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QuaSAr is a "for pay" product designed to do just this. Disclaimer: I do not, nor have ever worked for confide, but have friends in the company.


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From what I understand, you can find the data you need with tools like grep, but you are finding it difficult to deal with the resulting output because it, too, becomes sensitive data. It appears that you need sed with your grep. Once you find offending data, you can pipe the result through a substitution process to create obfuscated card numbers. But I'm ...


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I don't believe there is a reliable, scientific study as to the prevalence of backdoors in proprietary devices or SCADA/industrial control systems. A search of JSTOR turns up nothing interesting (although, if someone else wants to double check, please let me know if you find something!) Thus, the number you reference is likely just speculation or based on ...


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You could have a Virtual Machine set up, and buy subscriptions to/download the free versions of all the anti-virus engines you like (for instance, the list VirusTotal has), install them one at a time (making sure to turn off all the automatic features except updating - no on-line scanning, no email integration, no Web Toolbar, no SafeSearch, no URL checking, ...


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There is no one way to find vulnerabilities. But here are some steps you can follow. Target First you need to choose a platform and a piece of software to attack. To begin I would choose something that is open source. There are several advantages to this; the main one being that you can look at the source code. You then need to pick an aspect that you ...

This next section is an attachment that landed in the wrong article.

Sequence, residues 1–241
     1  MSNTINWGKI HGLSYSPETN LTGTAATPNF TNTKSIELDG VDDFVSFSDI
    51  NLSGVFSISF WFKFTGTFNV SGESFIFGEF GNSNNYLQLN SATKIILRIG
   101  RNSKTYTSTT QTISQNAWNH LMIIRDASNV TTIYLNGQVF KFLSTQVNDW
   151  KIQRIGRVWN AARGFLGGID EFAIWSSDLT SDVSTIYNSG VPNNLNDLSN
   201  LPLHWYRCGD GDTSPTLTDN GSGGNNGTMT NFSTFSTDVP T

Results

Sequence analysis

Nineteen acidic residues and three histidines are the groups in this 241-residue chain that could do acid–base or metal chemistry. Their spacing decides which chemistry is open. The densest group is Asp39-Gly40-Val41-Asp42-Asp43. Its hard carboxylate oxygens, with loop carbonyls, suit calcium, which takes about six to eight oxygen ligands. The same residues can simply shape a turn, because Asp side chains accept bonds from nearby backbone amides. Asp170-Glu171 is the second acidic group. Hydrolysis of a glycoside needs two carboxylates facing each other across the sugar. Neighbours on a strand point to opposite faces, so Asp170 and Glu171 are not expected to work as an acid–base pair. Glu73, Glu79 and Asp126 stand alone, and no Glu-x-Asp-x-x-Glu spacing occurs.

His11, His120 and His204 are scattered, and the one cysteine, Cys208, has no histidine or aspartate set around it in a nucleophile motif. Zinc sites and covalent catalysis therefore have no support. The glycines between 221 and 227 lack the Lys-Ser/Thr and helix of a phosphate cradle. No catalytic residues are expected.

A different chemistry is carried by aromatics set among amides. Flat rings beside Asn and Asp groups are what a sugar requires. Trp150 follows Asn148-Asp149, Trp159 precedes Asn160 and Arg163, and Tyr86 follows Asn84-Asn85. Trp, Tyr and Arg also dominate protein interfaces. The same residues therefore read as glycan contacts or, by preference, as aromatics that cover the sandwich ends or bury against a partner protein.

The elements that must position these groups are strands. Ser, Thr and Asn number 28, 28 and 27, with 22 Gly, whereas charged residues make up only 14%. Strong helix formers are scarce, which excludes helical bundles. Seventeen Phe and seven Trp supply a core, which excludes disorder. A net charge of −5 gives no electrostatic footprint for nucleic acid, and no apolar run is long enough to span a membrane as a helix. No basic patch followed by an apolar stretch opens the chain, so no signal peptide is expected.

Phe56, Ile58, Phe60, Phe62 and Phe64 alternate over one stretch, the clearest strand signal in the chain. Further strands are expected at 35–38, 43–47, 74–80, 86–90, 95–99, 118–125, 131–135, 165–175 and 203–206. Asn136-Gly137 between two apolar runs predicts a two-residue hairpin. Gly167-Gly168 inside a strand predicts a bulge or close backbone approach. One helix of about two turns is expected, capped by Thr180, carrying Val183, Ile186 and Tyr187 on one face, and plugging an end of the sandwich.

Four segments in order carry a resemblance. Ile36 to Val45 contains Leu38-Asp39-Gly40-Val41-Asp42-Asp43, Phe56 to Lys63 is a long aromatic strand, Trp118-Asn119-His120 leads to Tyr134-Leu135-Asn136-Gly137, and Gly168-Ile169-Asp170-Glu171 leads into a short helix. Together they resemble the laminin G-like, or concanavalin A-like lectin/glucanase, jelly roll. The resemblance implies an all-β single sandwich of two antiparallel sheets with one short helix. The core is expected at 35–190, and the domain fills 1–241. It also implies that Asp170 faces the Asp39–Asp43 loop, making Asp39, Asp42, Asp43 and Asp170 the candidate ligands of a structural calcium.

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This type of research is, isn't, won't be, or will be illegal depending on where you live, and may have unintended consequences. Avoid doing that with your employer's network, or, worse, with your spouse's connection. Some vulnerabilities can be located by fuzzing. Once a vulnerability has been found, you can learn how to assess them by reading proof of ...


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To explain in brief : First of all for your understanding,understand difference b/w making code and breaking code,as you are programmer you were aware of developing the web application's login page now as a vulnerablity finder how you need to test is,first fit in shoes of hacker and breach as much as u can, as you are aware of website vulnerabilities ...


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As far as memory related issues go, there are still issues e.g. you can still stumble upon a null pointer, use an out of bounds collection index, accidentally share mutable data with other classes, make the application use all its allocated memory, or in some cases where almost all the memory is used and a lot of new temporary objects are created, the GC can ...


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Whilst it's fair to say that managed languages are less prone to certain classes of issue whem compared to languages like c/c++ there's still several classes of software bug which can apply to Java/Scala and other languages that run in managed environments. This can vary from input validation issues like SQL injection and cross-site scripting to error ...



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